There are several reasons to urge teenagers to avoid fast food chains like Taco Bell, but is one of those reasons … the tomatoes?
The Student/Farmworker Alliance (SFA) thinks so. The Florida-based group has gained some support among high school and college students around the country for its campaign to boycott Taco Bell over the plight of migrant workers who pick its tomatoes.
Consumer boycotts are a rare form of youth organizing, and this campaign shows why the method is both attractive and extremely difficult to pull off.
Although the “Boot the Bell” campaign has inspired youth in several communities, it’s tough to tell how their efforts have affected any of Taco Bell’s 6,600 outlets in the United States. That might be a good thing for at least one giant in the youth work field:
the Boys & Girls Clubs of America (B&GCA), whose TEENSupreme leadership training and career guidance program is heavily supported by the Taco Bell Foundation. Many Taco Bells put out canisters for customers to contribute to the program.
The boycott idea would seem to have potential. Studies on civic engagement describe today’s youth as more likely to express their social activism though consumer choices than through traditional political involvement or voting.
And teens are a critical population for Taco Bell, as both customers and workers. “Teenagers are one of their core groups,” says Romero Brown, director of teen services at B&GCA, based in Atlanta.
Consumer boycotts often appeal to college activists, says Melody Baker, program coordinator at the Funders’ Collaborative on Youth Organizing, based in New York City. “High school age groups usually work on issues in their own community, while college students come together from many communities. It a difference between community organizing and campus activism.”
The farm worker alliance seems to be combining the two strategies.
The fundamental issue is this: Labor organizers in the farming region around Immokalee (rhymes with “broccoli”), in south Florida near Naples, say that some Latin American farm workers in local fields and orchards are trapped in conditions akin to slavery.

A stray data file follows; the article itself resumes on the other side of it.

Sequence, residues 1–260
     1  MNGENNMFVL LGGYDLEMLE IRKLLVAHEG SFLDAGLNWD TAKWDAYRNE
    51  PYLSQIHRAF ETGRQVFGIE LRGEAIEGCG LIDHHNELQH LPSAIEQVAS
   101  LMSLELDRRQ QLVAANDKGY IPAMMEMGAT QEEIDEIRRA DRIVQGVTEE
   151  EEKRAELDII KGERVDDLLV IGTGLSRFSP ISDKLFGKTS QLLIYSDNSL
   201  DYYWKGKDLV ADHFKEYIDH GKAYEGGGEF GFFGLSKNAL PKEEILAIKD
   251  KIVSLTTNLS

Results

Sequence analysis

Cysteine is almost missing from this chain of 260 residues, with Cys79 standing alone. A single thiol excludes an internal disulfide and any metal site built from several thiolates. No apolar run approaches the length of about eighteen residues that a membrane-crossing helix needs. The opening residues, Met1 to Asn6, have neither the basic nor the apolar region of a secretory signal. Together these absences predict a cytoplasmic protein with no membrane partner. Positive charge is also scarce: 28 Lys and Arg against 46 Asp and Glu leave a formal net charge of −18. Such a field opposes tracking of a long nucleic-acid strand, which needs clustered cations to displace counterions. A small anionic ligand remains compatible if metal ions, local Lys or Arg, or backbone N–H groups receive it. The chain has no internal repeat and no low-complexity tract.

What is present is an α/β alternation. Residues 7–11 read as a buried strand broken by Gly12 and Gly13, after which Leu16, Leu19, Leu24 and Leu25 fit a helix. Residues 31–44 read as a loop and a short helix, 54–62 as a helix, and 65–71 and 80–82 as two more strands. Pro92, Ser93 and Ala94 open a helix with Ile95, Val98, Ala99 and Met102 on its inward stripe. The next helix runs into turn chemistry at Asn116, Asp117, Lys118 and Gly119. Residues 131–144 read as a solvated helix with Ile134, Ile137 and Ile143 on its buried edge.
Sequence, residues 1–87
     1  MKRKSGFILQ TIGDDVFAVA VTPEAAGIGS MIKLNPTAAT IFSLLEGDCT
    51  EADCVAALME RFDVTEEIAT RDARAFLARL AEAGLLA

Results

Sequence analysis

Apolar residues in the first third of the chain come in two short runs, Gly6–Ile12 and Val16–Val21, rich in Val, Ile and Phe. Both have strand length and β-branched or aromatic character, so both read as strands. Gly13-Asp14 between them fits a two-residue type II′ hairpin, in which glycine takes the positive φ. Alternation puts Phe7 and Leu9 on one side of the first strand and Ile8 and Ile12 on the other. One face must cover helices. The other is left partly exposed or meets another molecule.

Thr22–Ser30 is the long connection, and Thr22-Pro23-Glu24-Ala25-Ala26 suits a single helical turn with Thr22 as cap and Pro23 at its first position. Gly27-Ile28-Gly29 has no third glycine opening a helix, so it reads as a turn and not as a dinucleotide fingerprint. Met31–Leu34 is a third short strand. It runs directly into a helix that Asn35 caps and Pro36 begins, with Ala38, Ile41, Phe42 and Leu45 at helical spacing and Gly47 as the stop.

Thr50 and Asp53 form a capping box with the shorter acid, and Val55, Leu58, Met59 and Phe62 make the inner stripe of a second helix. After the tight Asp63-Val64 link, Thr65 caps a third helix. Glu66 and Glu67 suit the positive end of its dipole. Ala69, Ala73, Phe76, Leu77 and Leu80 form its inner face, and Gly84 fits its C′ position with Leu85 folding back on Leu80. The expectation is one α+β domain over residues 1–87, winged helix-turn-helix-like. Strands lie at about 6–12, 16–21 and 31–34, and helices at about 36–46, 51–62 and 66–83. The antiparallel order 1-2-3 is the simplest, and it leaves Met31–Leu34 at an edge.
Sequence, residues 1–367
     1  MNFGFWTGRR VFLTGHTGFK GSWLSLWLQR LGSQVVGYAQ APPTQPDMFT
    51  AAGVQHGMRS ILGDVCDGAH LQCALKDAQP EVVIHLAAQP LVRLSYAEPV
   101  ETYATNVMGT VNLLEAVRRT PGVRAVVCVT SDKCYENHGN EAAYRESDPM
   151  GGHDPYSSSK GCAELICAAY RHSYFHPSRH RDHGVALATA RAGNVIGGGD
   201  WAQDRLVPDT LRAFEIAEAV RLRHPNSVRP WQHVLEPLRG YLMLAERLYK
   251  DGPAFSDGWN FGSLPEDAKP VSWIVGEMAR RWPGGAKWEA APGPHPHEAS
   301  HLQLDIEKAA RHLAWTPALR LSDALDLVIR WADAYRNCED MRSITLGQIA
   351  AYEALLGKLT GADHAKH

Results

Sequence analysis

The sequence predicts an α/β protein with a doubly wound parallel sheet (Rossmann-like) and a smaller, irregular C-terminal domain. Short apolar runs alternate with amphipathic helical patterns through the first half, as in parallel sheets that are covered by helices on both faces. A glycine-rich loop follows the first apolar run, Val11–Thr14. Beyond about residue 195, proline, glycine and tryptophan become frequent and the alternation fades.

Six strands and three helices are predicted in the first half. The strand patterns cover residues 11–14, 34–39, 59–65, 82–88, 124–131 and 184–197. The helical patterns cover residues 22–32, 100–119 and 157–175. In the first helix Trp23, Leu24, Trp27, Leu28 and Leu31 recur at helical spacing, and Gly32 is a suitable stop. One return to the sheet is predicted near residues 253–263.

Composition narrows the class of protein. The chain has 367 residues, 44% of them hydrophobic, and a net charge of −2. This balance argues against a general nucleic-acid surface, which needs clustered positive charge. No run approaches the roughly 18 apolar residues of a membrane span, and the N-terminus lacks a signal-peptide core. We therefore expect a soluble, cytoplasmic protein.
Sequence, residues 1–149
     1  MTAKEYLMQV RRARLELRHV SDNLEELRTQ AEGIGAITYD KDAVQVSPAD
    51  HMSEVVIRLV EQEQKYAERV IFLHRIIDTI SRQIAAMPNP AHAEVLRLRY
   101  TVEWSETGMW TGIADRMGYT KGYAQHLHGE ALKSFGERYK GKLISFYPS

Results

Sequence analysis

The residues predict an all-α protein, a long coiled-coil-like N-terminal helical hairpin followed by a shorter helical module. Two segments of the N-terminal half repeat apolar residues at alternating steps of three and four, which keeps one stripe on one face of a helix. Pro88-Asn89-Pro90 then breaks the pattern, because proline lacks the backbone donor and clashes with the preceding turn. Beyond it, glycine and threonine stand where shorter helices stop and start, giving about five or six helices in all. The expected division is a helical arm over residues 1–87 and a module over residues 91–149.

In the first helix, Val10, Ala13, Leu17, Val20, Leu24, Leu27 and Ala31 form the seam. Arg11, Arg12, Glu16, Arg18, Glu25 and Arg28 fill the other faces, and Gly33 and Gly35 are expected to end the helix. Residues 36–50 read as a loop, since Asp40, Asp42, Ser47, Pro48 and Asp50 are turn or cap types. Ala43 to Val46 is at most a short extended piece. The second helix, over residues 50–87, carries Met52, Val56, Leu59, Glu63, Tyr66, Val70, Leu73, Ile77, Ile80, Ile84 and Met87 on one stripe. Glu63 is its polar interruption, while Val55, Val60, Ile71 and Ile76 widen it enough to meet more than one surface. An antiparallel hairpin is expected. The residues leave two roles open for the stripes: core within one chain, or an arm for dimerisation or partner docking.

What the workers make picking tomatoes or citrus fruit, they say, often does not cover the food, shelter and transportation expenses that are charged to the workers’ tab.
Exposés on the farm workers’ plight, including descriptions of federal prosecutions of labor contractors on charges of promoting slavery, have appeared this year in The New Yorker, National Geographic and elsewhere.
Tomatoes from Immokalee are sold across the eastern United States, including to fast-food chains such as Taco Bell.
The company says it buys tomatoes through brokers, not growers, and the labor dispute is between pickers and growers, not with Taco Bell. Taco Bell is part of Yum! Brands, the nation’s third-largest fast-food conglomerate, which includes Pizza Hut, A&W Root Beer, Long John Silver’s and Kentucky Fried Chicken.
The primary farm worker organization in the dispute is the Coalition of Immokalee Workers (CIW). Brian Payne, an SFA national coordinator, says the farm workers chose to boycott Taco Bell in hopes of emulating the success of other consumer campaigns that focused on products with youth appeal. Nike is a prime example: Consumer protests in the late 1990s forced Nike to adopt a code of operations directed at better working conditions in overseas shoe plants.